In many Christian circles there is a lot of talk about Jesus, with little action for Him. There’s a great deal of emphasis on externals but not much on devotion.
Heart religion, Christ in the life, God’s law written on the inside—that’s the kind of faith that counts. Being a Christian involves a lot more than just a rote observance of duty.

Jesus reserved His most scathing rebukes for some of the professed religious people of His day. They fasted, prayed and gave large gifts of money to the church. They memorised Scripture. They kept the Sabbath meticulously. They observed the laws of health. These devout people emphasised obligation. But for many of them, religion was totally removed from what happens in the heart.

Jesus became quite specific about what His religion of the heart will do.
It will fill us with love instead of anger, generosity instead of pride, a longing for righteousness instead of a longing for more possessions.

In the Sermon on the Mount, Jesus actually said that if a bad-tempered person strikes you on the right cheek, you should turn to him the left. He continued, “And if someone wants to sue you and take your tunic, let him have your cloak as well. If someone forces you to go one mile, go with him two miles” (Matthew 5:40, 41). These words of Jesus about loving one’s enemies must have been hard for those people on that Galilean hillside to take.
It’s easy to love one’s friends. But only religion from the heart can enable one to love their enemies.

Come with me to a garden called Gethsemane, where we will see in Jesus the ultimate example of the fully surrendered life. Here, just before His crucifixion, the fate of the world trembles in the balance. Jesus bows low beneath the ancient olive trees. In a few hours He will be tried in Pilate’s judgment hall. A Roman lash will lacerate His back, tearing out hunks of flesh. Then He will face Calvary’s hill.

Jesus’ humanity shrinks from the cross. If possible, He longs to avoid it.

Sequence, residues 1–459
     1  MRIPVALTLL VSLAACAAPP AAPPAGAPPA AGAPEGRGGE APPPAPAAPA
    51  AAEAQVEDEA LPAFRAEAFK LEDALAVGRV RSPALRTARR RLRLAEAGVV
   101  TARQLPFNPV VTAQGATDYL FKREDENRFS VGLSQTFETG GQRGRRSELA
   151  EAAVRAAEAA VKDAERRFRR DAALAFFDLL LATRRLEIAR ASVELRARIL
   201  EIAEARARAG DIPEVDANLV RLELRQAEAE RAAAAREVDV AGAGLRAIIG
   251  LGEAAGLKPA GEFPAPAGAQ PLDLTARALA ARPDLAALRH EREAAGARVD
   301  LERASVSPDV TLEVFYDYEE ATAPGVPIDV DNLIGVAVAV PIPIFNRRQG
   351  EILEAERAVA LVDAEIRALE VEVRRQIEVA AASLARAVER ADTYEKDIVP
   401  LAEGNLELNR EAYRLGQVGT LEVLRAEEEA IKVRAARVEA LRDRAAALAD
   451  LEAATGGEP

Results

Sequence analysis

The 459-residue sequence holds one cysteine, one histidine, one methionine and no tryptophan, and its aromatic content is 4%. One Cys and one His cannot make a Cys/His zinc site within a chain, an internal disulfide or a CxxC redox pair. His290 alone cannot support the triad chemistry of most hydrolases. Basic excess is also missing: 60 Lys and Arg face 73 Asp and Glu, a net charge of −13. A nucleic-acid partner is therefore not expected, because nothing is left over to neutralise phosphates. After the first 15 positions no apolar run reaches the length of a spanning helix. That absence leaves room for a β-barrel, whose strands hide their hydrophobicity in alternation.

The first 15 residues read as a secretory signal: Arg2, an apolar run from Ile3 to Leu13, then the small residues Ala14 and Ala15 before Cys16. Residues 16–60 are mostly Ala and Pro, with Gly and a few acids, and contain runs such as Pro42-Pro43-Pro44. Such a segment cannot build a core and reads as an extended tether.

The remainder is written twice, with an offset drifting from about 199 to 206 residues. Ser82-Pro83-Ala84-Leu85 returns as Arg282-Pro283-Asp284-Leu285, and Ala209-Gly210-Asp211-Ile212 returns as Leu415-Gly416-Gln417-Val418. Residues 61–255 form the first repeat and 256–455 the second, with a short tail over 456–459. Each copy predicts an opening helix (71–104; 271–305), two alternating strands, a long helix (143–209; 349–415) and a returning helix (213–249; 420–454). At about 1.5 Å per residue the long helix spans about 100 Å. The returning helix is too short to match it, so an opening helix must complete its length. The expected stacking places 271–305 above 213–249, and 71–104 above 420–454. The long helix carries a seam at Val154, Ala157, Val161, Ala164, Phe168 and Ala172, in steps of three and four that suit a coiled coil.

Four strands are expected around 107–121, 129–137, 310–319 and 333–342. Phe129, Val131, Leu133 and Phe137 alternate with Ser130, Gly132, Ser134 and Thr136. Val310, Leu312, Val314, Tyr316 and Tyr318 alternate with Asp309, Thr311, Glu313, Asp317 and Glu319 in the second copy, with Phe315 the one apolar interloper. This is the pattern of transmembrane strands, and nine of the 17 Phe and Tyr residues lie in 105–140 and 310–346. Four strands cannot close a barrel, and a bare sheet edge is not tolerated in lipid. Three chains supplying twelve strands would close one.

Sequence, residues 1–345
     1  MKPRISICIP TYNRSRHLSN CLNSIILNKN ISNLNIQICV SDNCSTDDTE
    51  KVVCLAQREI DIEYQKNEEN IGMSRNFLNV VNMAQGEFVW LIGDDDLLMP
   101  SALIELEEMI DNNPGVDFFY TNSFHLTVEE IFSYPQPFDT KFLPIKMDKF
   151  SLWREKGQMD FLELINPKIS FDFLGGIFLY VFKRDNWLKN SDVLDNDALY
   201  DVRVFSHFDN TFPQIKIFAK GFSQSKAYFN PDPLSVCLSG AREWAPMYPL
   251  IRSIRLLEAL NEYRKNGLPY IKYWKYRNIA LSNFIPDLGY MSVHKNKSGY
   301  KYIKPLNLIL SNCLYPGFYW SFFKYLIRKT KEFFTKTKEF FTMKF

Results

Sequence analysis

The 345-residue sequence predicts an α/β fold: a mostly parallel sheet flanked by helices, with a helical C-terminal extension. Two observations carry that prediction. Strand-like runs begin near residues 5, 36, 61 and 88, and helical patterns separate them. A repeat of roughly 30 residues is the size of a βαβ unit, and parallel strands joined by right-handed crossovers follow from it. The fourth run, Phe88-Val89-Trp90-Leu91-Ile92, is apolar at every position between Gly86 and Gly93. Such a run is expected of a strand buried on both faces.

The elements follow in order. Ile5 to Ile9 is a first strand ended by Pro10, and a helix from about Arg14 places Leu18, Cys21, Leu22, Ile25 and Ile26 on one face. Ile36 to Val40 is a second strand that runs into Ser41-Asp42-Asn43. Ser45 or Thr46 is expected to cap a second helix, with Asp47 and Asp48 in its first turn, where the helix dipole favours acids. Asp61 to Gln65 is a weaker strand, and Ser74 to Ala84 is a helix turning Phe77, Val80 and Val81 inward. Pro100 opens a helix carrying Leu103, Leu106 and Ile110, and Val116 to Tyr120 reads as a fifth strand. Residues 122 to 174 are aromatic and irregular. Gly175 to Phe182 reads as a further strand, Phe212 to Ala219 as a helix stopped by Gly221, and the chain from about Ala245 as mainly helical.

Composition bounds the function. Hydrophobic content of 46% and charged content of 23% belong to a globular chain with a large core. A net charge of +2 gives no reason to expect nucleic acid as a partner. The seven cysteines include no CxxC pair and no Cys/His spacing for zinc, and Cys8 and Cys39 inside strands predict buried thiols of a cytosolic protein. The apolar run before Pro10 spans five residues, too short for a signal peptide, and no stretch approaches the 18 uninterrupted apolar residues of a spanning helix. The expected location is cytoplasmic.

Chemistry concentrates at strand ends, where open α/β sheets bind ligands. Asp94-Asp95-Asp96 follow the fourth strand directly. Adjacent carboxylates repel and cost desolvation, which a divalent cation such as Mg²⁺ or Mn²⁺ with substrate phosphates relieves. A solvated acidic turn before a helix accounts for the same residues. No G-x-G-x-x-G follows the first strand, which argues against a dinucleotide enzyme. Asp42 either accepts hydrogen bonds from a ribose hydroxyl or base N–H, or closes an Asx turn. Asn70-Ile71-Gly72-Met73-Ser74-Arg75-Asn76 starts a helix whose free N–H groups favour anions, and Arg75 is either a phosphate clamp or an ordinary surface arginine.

But here, in Gethsemene, with His face buried in the warm earth, in the darkness of night, beneath the starry heavens, Jesus cries out, “My Father, if it is possible, may this cup be taken from me. Yet not as I will, but as you will” (Matthew 26:39).

Jesus’ life commitment Jesus had a will of His own. But His entire life reflected one specific goal.
His life commitment was to do the will of the Father. He stated: “The one who sent me is with me; he has not left me alone, for I always do what pleases him” (John 8:29).

Jesus’ passionate desire was to please the Father. When His human will pulled in one direction, He chose to follow His Father’s wishes rather than His own desires. The psalmist, speaking prophetically for Jesus, declared, “I desire to do your will, O my God; your law is within my heart” (Psalm 40:8).
The ground of our salvation is Jesus Christ and the cross of Calvary. His blood shed there redeems us. His grace pardons us. The mercy He extends provides salvation. Our works do not provide the means by which Jesus saves us.

Salvation is a gift, full and complete in Christ (see Ephesians 2:8; Romans 3:20-24; 6:23).
But Jesus is not only Saviour, He is Lord, and the faith that receives Him as Saviour must accept Him also as Lord.
He is both the Champion who overcame Satan on our behalf and the King we bow before in honour and obedience— Saviour and Lord.
The Holy Spirit leads us to Jesus.

The Holy Spirit places within our hearts a desire to do right. When we yield to the Spirit’s prompting, surrendering to the convictions He brings— when, in other words, we surrender our wills to God’s will—He gives us the power to carry out that choice. The choice is ours. The power to carry it out is His.